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D.5. Security

EJB specifies declarative attributes for security authorization. Once a user has been authenticated (logged in), access to enterprise beans can be monitored and controlled. The declarative authorization attributes allow the container to control which users can access which methods on specific bean types. In EJB 1.0, individual methods on a bean are associated with Identity objects that represent individual users or groups of users called roles. Only users that are associated with the correct Identity objects can access the bean's methods. Using this approach, bean methods can be mapped to a set of identities in the serializable deployment descriptor.

When a bean method is invoked at runtime, the container examines the Identity of the caller and compares it to the list of Identity objects associated with that method. If the caller's identity matches or is a member of one of the identities associated with the method, the method can be invoked. Although this authentication model works well--it allows fine-grained functional authentication without requiring any code in the bean itself--it also has some problems. In an operational environment that supports ACL-based security, all the identities and roles in an enterprise are part of the operational environment. To choose Identity objects to associate with bean methods, you must have access to the ACL repository of the environment that the bean will be deployed in. For this reason, it is normally assumed that the deployer in EJB 1.0 will map the bean's methods to the security domain. Unfortunately, the deployer may not have a good understanding of the purpose and function of the bean methods. This makes it difficult for the deployer to determine what identities and roles should be mapped to which methods--a problem that is compounded in beans that have numerous methods.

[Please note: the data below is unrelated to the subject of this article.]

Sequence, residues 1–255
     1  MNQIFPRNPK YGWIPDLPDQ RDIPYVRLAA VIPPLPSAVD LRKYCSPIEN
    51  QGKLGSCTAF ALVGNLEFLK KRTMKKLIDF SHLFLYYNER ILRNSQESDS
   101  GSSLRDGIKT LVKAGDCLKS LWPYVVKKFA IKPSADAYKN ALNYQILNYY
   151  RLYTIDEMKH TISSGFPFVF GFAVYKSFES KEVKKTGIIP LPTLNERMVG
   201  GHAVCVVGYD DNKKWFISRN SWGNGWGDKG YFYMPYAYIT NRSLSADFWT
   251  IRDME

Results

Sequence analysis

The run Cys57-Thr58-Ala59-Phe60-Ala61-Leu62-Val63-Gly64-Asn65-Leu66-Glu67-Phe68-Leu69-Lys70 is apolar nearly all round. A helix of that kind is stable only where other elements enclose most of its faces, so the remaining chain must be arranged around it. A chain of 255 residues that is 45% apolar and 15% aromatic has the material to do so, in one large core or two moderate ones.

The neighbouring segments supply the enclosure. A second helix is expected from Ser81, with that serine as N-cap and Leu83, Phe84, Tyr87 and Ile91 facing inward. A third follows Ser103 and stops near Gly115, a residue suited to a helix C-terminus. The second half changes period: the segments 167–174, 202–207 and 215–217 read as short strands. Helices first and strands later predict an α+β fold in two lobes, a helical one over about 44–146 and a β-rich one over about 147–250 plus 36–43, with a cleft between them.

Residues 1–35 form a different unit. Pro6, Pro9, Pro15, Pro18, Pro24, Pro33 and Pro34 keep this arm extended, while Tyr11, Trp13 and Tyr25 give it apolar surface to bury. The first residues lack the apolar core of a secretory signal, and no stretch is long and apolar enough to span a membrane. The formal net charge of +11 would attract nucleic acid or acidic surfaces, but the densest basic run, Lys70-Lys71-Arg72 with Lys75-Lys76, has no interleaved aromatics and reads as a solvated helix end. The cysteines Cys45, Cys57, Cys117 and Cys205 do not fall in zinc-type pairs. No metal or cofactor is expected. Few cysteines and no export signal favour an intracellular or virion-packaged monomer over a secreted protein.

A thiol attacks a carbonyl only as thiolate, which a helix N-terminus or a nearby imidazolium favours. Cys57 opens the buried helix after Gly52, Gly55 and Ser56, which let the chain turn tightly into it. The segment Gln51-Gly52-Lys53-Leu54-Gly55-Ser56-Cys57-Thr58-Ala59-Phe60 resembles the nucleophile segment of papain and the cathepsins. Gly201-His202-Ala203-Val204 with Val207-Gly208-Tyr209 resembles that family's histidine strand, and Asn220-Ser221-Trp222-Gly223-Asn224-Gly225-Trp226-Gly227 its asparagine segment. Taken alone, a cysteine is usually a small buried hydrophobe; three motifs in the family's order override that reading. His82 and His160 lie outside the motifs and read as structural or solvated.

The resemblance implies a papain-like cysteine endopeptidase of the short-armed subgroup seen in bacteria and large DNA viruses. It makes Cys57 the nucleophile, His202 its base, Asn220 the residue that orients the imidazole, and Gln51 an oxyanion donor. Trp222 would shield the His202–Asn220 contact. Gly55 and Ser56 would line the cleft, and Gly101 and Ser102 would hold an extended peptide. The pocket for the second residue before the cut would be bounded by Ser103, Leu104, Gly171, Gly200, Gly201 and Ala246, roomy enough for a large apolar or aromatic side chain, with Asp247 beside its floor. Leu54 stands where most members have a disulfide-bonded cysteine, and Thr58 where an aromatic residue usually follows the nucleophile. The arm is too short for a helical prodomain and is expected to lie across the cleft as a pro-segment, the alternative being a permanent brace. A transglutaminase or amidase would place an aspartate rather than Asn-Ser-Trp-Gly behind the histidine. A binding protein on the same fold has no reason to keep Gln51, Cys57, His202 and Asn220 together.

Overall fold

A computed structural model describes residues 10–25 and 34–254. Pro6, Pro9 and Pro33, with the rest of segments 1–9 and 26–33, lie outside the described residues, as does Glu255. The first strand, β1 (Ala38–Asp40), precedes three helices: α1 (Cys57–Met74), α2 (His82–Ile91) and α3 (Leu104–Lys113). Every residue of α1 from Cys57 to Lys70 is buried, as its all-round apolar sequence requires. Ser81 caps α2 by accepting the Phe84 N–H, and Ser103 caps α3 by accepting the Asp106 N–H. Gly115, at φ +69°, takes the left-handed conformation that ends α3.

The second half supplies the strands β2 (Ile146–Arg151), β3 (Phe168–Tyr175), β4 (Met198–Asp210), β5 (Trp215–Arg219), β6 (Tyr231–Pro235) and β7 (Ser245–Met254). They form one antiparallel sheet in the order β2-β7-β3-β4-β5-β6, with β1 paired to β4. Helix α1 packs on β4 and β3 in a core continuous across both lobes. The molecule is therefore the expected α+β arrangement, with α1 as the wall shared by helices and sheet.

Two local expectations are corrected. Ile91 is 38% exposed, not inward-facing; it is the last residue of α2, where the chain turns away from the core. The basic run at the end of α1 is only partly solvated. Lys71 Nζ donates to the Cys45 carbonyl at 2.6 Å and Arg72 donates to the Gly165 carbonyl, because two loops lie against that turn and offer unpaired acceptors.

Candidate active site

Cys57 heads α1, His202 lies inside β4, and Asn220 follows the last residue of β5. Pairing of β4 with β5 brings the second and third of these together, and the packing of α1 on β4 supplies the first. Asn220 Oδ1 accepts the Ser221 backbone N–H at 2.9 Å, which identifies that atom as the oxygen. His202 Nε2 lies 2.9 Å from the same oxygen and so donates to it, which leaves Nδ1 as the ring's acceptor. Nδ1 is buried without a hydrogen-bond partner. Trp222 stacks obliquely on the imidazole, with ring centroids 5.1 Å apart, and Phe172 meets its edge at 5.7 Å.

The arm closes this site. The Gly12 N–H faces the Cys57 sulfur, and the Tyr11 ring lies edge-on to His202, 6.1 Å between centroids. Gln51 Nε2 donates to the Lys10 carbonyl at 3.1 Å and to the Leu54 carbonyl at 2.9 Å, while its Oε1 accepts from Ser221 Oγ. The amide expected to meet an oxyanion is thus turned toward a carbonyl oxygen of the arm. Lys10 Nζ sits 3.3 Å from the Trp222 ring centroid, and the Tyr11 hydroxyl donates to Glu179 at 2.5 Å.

In recognition of the authentication problems in EJB 1.0, EJB 1.1 has changed authentication security significantly. In EJB 1.1, the authentication service remains implicit and fine-grained, but it's permission driven rather than method driven. In EJB 1.1, the bean provider and the application assembler (the same person in many cases) defines logical roles in the XML deployment descriptor. One or more roles can be associated with a list of methods they have permission (authorization) to access. The roles are logical and have only semantic meaning. They are not obtained from a specific operational environment; they simply describe the type of user who can access a set of methods. The bean developer can provide additional information about the logical roles by attaching description tags to roles with comments.

The bean deployer, who works in the operational environment, maps the logical roles defined by the bean developer and application assembler to real roles in the environment's security system. In this way, the bean developer and application assembler can define the type of roles that have access to methods without having to know anything about the operational environment in which the bean will be deployed. Similarly, the bean deployer can map roles in the operational environment to the logical roles in the deployment descriptor, based on semantic meaning of the logical roles and their attached descriptions, without having to understand the purpose or function of the methods involved. In fact, the deployer need not be concerned with the methods at all since she is only concerned with roles and the methods with which they are associated.

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